The First Draft

Let it Go, Let it Flow

Everyone has their own methods of writing a first draft and the great news is there is no wrong way! You can map out your chapters if you have a particular plot in mind or perhaps you are writing a non-fiction and have a list of topics that you want to explore. Even with non-fiction you still need to let it flow.  Perhaps a particular topic or character just won’t stop talking, that’s ok, let it all out!

When I started to write I came up with four main characters that were telling their story. One of my characters changed her name three times! But Harry always stayed the same. Sometimes Stacey would talk away for days and Milla would stay quiet. There was no point mapping them out, I just let it flow.  That could easily translate to different topics, obviously you will have more to say on one topic than another, just get it out and edit later.

Which Way Is Right to Write?

I didn’t start writing in chapters until I got to twenty thousand words. I hadn’t realised I was writing a book! I had four files; one for each character. I went through deciding where the story took a natural break.  I have to say that this was a pretty painful process.  Luckily the story had carried all the characters in the same direction and they had been talking away even when I didn’t know who they were talking to!  For book two I was a bit more sensible, I knew how many words I wanted in each chapter, obviously you do have to be a little bit flexible but this was so much easier.

Perhaps you have started with an idea or a sentence and it all flows from there. Maybe you start at the end and work your way backwards. Have you started in the middle? It really doesn’t matter, that’s what the edit is all about, just concentrate on getting it down first.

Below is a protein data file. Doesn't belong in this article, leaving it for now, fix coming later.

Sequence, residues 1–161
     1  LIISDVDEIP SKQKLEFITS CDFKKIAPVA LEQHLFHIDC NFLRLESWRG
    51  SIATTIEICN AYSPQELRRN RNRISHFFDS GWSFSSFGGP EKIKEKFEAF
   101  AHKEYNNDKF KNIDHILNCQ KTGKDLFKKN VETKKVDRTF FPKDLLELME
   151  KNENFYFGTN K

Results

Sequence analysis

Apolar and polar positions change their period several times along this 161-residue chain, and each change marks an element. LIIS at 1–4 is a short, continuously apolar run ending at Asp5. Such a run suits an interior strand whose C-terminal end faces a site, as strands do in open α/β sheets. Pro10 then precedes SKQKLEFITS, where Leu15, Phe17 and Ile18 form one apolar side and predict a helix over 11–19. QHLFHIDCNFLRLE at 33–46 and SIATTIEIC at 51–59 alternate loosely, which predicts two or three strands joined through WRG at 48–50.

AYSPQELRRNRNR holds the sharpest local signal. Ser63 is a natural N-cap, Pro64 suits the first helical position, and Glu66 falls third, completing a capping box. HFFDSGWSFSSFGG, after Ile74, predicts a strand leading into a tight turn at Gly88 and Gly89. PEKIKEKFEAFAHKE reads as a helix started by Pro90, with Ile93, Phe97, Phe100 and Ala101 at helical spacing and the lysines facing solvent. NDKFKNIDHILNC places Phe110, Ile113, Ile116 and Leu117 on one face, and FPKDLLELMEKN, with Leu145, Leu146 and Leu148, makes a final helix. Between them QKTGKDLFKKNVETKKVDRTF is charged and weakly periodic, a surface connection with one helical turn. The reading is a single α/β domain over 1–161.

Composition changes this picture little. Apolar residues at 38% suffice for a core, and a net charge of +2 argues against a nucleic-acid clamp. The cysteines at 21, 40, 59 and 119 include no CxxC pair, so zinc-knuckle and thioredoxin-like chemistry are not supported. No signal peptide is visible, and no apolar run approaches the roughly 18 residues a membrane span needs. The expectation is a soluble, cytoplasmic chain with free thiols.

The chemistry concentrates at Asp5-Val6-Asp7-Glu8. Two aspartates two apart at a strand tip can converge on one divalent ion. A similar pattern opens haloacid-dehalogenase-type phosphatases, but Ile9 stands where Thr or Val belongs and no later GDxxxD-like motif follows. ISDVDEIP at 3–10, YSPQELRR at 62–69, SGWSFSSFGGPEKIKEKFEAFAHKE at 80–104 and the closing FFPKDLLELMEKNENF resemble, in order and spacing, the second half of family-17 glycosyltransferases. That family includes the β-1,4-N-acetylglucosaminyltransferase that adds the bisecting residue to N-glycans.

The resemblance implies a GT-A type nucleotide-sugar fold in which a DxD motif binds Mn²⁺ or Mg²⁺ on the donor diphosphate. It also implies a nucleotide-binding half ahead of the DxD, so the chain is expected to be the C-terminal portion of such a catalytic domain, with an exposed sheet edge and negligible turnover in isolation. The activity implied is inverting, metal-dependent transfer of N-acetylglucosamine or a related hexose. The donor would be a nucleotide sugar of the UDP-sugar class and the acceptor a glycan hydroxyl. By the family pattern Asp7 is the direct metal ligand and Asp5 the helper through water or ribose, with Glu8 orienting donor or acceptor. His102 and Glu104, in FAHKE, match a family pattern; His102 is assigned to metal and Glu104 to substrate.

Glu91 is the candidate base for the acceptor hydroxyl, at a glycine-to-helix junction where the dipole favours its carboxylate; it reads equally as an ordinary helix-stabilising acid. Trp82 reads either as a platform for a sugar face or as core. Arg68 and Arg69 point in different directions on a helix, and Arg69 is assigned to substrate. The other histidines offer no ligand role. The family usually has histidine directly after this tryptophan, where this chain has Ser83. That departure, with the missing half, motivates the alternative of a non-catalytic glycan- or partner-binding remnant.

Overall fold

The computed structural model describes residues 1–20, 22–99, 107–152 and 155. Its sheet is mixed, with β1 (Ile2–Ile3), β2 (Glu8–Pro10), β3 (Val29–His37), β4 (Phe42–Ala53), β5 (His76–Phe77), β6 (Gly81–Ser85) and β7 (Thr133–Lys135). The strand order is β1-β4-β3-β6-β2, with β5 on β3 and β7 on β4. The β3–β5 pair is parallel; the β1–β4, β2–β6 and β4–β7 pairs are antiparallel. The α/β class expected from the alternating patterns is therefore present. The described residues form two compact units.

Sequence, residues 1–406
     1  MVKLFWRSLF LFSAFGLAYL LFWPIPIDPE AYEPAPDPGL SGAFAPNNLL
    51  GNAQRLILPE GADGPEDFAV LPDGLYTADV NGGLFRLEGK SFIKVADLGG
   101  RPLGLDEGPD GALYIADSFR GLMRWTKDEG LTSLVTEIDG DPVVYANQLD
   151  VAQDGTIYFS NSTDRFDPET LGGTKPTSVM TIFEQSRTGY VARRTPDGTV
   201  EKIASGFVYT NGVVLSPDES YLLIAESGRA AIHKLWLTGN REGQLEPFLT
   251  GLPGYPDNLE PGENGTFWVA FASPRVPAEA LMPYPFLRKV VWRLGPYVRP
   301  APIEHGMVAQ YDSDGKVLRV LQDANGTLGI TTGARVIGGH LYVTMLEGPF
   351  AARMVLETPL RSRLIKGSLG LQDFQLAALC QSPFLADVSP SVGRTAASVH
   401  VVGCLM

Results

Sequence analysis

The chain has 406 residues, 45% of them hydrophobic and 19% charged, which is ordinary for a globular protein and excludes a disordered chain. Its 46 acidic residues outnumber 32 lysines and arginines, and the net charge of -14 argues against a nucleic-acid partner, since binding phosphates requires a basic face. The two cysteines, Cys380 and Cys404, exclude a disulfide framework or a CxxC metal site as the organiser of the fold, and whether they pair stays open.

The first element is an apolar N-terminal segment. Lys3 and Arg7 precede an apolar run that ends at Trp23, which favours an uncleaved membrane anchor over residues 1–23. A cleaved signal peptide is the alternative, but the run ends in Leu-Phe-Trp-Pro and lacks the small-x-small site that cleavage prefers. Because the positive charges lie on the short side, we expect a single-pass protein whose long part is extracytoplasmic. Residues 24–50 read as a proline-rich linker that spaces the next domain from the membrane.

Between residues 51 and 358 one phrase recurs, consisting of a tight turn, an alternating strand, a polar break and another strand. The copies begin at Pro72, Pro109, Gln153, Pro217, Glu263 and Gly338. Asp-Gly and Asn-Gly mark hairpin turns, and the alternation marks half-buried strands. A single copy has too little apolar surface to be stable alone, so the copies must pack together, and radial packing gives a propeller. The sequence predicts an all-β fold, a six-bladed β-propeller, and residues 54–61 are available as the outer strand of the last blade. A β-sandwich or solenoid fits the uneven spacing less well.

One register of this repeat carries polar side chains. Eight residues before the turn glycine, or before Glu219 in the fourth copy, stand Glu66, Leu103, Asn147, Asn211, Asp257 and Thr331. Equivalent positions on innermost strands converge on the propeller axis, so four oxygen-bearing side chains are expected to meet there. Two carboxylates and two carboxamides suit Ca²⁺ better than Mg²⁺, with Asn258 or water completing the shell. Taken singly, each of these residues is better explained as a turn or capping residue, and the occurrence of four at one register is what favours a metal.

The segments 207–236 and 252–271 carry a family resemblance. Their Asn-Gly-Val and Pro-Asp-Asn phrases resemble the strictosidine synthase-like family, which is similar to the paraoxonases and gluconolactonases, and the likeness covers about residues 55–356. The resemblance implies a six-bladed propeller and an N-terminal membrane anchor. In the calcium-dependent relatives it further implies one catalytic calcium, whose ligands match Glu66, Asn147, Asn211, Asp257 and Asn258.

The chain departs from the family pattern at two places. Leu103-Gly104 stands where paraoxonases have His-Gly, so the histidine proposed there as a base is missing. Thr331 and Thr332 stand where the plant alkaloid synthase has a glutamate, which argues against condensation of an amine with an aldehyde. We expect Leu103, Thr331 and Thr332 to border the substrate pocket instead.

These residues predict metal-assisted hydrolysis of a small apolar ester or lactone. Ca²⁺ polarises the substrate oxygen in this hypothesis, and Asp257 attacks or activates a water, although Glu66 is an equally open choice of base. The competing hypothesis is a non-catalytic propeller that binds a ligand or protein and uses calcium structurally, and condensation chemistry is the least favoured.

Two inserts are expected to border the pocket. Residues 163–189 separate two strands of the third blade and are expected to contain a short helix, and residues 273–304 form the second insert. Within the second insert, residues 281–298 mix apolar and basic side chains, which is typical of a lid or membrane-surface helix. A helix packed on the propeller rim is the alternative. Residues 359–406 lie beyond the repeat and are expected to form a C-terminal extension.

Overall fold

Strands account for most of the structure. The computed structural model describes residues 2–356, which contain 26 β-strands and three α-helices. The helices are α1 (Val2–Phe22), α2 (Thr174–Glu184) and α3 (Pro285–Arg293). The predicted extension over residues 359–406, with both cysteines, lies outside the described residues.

Feedback on Your First Draft

When I got to 30,000 words I decided to ask someone for some feedback. This is something I have now realised writers everywhere debate! Do you show other people your work and risk being shot down? Well, I felt I needed to know if it was any good.  Luckily I was given straight no-nonsense remarks that were very useful. I adjusted a few things and felt encouraged to carry on. I have to say I didn’t let anyone else see it from that point on, I had been encouraged and told where to tighten up, that’s all I wanted to know.  If you are going to get someone to look at your first draft I would choose wisely.

When I had finished the manuscript I had around 80,000 words I edited this down to 67,000.  There could well be part of another book in that 13,000 words.

Joining a writers group was invaluable and I read a chapter a week.  It soon became obvious that I needed to get it copy edited if I was going to submit this to publishers and so that’s exactly what I did.  The good news was that I received encouragement; I was told it flowed well, they were drawn into the story and wanted to know more.  Bingo!

Good Luck & Get Writing and Remember No-one is Happy with their First Draft!

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